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Why diversification matters

Robert G. Hagstrom’s The Warren Buffett Way stresses the point that Warren Buffett and right-hand man Charlie Munger will only invest in industries that they truly understand – and only in companies that he believes possess a convincing margin of safety with outstanding long-term potential. He claims that owning a large number of companies spread over many industries is not as important as owning four or five companies that you know the ins and outs of.

Meanwhile, investors and fund managers stress the importance of maintaining a diversified portfolio, which spreads the risk not only over many industries, but also internationally.

Time and trends have shown us that diversification is, in fact, a necessity. Look no further than the dot-com bubble. Investors world-wide grew convinced that virtually any company with a “.com” at the end of its name would become the next best thing. That boom lasted only for a short period of time. Few dot-com companies, if any, came out unscathed after the bubble burst. Even market heavyweights such as Amazon.com (NASDAQ: AMZN) shed around 90% of their market value in the crash. The investors who focused solely on this industry experienced immense losses as a result.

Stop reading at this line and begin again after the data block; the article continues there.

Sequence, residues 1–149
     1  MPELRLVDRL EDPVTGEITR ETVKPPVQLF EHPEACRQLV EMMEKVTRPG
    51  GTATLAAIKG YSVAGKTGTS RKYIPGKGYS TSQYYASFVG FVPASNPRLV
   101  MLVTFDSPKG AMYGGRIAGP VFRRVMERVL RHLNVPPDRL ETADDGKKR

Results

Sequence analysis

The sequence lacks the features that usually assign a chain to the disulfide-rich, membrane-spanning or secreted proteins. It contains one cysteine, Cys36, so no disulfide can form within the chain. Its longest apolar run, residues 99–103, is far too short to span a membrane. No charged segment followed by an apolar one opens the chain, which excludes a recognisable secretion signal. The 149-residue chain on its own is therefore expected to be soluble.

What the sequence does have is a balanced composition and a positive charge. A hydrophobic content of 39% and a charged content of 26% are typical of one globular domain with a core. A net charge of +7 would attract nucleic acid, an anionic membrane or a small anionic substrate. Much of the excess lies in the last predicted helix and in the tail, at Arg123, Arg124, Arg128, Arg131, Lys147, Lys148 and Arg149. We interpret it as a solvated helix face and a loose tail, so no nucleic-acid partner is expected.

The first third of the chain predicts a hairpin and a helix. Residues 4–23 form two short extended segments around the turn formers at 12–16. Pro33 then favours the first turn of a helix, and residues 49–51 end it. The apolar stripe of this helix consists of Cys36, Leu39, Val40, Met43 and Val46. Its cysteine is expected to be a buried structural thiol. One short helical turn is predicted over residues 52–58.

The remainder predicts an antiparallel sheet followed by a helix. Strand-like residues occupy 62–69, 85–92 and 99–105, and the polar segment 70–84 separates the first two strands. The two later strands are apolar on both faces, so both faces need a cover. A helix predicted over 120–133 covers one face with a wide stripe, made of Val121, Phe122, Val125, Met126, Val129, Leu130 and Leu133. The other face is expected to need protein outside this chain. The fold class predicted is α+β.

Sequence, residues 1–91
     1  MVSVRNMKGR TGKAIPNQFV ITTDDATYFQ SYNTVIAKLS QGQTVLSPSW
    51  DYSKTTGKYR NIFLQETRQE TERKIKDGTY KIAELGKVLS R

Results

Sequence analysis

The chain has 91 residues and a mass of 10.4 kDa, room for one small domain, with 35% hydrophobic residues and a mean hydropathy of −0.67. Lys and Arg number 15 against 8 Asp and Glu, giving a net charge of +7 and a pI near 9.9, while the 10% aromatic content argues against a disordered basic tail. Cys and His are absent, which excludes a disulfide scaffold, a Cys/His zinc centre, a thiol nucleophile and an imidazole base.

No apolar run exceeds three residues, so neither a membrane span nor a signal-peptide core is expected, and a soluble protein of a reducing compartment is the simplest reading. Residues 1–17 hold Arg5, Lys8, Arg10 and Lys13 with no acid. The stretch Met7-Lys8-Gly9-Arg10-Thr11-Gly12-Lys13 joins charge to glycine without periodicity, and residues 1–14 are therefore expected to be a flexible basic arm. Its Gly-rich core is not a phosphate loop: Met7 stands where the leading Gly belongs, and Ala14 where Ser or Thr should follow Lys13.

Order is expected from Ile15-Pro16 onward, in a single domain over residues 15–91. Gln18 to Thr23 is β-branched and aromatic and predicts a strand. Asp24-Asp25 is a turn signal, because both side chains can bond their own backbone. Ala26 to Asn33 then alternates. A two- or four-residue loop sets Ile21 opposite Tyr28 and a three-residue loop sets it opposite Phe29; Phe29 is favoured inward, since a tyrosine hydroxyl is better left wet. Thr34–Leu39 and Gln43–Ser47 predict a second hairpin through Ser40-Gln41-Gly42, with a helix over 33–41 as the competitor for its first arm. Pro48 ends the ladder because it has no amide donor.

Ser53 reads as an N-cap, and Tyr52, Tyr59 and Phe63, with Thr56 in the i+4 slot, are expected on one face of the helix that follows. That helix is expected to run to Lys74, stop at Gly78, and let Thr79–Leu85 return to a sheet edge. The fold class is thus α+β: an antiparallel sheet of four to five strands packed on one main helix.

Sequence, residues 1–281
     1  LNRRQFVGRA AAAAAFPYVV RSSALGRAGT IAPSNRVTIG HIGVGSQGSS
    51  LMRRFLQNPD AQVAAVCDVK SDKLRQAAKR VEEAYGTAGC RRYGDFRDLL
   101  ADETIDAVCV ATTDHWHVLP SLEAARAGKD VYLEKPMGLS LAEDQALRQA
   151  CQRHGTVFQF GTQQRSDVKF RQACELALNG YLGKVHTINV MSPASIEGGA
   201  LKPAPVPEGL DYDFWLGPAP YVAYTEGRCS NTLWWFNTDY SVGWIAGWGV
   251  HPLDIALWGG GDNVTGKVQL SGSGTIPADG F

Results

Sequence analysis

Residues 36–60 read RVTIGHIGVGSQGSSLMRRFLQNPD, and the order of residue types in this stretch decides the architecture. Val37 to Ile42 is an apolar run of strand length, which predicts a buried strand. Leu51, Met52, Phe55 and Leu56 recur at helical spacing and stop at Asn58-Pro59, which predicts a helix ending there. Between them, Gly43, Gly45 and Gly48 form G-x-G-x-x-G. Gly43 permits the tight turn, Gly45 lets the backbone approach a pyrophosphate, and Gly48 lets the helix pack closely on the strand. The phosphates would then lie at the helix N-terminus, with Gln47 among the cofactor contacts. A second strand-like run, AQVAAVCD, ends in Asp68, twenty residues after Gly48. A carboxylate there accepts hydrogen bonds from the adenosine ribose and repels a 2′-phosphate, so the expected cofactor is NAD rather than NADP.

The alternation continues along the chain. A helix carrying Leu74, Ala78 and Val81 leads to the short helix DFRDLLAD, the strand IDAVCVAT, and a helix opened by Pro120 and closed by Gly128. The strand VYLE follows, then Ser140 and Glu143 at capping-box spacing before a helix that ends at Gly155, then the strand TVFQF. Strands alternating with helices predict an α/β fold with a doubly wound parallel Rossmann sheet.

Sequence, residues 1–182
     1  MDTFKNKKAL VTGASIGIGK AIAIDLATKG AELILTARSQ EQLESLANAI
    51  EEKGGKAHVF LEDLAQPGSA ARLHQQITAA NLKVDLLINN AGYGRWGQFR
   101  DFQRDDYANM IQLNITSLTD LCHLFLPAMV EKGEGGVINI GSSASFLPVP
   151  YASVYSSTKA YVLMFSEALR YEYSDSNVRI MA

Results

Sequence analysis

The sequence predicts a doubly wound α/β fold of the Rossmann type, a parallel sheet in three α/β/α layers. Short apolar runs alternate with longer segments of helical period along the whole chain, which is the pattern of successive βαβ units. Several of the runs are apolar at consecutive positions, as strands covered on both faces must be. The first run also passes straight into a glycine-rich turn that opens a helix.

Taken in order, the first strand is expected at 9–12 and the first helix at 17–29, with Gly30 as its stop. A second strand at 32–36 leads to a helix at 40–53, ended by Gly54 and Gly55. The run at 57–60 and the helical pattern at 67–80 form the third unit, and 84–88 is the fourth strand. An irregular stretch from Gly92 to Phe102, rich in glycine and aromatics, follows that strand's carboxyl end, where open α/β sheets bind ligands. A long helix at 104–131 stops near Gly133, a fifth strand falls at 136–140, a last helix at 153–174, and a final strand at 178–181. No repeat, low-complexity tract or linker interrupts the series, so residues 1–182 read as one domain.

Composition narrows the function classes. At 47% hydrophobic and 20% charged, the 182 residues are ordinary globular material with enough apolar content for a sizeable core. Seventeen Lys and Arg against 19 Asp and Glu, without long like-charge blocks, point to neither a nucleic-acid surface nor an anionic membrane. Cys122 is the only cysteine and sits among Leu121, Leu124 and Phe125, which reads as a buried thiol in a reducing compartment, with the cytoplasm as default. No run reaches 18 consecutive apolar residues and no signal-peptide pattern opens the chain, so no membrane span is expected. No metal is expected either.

In more recent economic news, it seems Australia’s mining boom is on its decline. Investors who were first to recognise the potential of mining companies reaped the benefits of their early purchases in mining blue-chips Rio Tinto (ASX: RIO) or BHP Billiton (ASX: BHP), or even one of The Motley Fool’s early favorites, Maverick Drilling and Exploration Limited (ASX: MAD), which rose 645% within about six months. Again, investors with little diversification in their portfolios have felt the pinch of the declining industry since.

Buffett, over his decades of investing, has managed to avoid most of Mr. Market’s mood swings that were caused by collapsing industries. This is because he did not see the long-term sustainability that many companies in these industries could possess and chose instead to invest in industries he felt would last for decades.

Foolish takeaway

Investors are wise to not put all of their eggs in one basket – that’s a given. As one company in a portfolio experiences a crack or a setback, the other elements of a well-selected portfolio will support that loss. Buffett’s point however, is that whilst diversification is a necessity, an investor should also learn about the companies they invest in. They should put their money into a few companies that they know well, with the ability to trust that the core foundations of those businesses will be enough to ensure a strong and sustainable future, and strong growth for the investor.

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More reading

The Motley Fool’s purpose is to help the world invest, better. Click here now for your free subscription to Take Stock, The Motley Fool’s free investing newsletter. Packed with stock ideas and investing advice, it is essential reading for anyone looking to build and grow their wealth in the years ahead.  This article contains general investment advice only (under AFSL 400691). Authorised by Bruce Jackson. Motley Fool writer/analyst Ryan Newman does not own shares in any of the companies mentioned in this article.

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